Let Me In
John Ajvide Lindqvist
St. Martin’s Griffin
Trade Paper, 496 pages, $15.99
Review by Sheila Merritt
Love. Horror. Connection. Repulsion. No, this isn’t about the Twilight series: far from it. Let Me In is a look at various kinds of relationships; rife with kinky complications. The novel is laden with adult situations, often seen through the eyes of young people. Author John Ajvide Lindqvist’s Let the Right One In, here is reprinted and retitled to coincide with the American movie adaptation. The Scandinavian film bearing the original title was a critical and popular success; the story of a lonely bullied boy who finds meaning in his life through his vampire companion. There is a definite narrative disparity between the oddly magical cinematic fairy tale and the viscerally visual text version. In the book, vague disturbing celluloid implications dissolve into startling graphic descriptions.
To read, for example, the poetic words of an obsessed pedophile: “Real love is to offer your life at the feet of another, and that’s what people today are incapable of,” could indeed be deemed romantic if said by someone other than a sexual predator. In the universe of Let Me In, however, nothing is simplistic: Fragmented families; children wiser (and more jaundiced) than their parents; physical attraction that is unique and deeply personal. A scene, in which the sanguinary and manipulative Eli is reduced to appearing in true form, depicts the creature thus: “–there was something in her, something that was … Pure horror.” Yet, when the androgynous vampire is at its most seductive, there are comparisons to spring time. Monstrosity and gender get lost in rapture.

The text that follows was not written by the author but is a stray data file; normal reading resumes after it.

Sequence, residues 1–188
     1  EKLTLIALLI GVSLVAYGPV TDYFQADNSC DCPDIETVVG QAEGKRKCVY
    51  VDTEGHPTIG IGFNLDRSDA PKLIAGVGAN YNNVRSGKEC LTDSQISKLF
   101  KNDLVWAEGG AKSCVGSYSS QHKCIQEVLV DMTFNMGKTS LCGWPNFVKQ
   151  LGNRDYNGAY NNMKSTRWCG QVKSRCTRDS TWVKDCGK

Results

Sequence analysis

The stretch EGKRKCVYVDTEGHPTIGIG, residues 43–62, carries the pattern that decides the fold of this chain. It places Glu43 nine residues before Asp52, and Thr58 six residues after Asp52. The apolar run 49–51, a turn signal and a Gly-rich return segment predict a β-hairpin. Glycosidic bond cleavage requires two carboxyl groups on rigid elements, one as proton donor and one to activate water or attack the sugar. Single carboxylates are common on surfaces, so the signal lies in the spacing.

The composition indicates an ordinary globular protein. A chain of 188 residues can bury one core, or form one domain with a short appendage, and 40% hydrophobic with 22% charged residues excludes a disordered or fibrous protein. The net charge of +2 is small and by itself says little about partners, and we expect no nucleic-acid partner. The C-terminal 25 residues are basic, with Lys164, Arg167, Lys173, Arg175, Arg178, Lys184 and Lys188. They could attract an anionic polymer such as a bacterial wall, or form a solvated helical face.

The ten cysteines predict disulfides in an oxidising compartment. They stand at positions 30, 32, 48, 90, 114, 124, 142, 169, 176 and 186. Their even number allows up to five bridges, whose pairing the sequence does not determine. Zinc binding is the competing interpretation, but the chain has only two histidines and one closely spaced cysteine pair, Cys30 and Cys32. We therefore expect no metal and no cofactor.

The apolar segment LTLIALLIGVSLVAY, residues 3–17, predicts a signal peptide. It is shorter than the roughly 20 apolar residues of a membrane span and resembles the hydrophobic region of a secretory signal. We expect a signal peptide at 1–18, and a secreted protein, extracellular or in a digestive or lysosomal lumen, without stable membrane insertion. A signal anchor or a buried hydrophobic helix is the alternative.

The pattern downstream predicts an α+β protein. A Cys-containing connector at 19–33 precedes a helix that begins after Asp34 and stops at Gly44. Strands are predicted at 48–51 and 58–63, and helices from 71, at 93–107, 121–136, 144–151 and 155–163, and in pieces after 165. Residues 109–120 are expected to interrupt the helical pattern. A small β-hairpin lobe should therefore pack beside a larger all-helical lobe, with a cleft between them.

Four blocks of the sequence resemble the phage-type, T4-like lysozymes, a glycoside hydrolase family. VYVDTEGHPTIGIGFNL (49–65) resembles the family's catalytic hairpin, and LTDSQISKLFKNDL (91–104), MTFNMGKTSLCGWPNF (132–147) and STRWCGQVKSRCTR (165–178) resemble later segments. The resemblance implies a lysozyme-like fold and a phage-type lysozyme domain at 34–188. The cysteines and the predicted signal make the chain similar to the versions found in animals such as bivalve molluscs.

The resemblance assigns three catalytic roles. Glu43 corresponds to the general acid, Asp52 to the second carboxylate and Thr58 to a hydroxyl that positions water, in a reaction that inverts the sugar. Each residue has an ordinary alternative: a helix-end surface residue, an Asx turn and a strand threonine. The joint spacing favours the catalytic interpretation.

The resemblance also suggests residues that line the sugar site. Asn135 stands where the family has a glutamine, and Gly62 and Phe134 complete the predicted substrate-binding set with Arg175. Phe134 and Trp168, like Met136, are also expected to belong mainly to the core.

Regarding the book/film titles: Both the earlier and the slightly altered version are invoked in the book. A female victim of Eli, paraphrases one while contemplating the limitations of intimacy: “Don’t let them in. Once they’re inside they have more potential to hurt you. Comfort yourself. You can live with the anguish as long as it only involves yourself. As long as there is no hope.” This kind of passionate pessimism/fatalism is also reflected in the song lyrics of “Let the Right One Slip In” by Morrissey, as quoted in the novel:
Let the right one in
Let the old dreams die
Let the wrong ones go
They cannot do
What you want them to do
John Ajvide Lindqvist unflinchingly addresses finding compatibility and comfort in unfamiliar and uncanny places. His prose is excellent, his subject matter is unusual; he defies expectations. As with the characters he creates, the readers of his novel will find themselves facing something appalling yet appealing. Being open to such feelings can be disastrous or joyful. Illusions will be shattered; being open is dangerous. It’s hard to know if, and when, to let the right one in.
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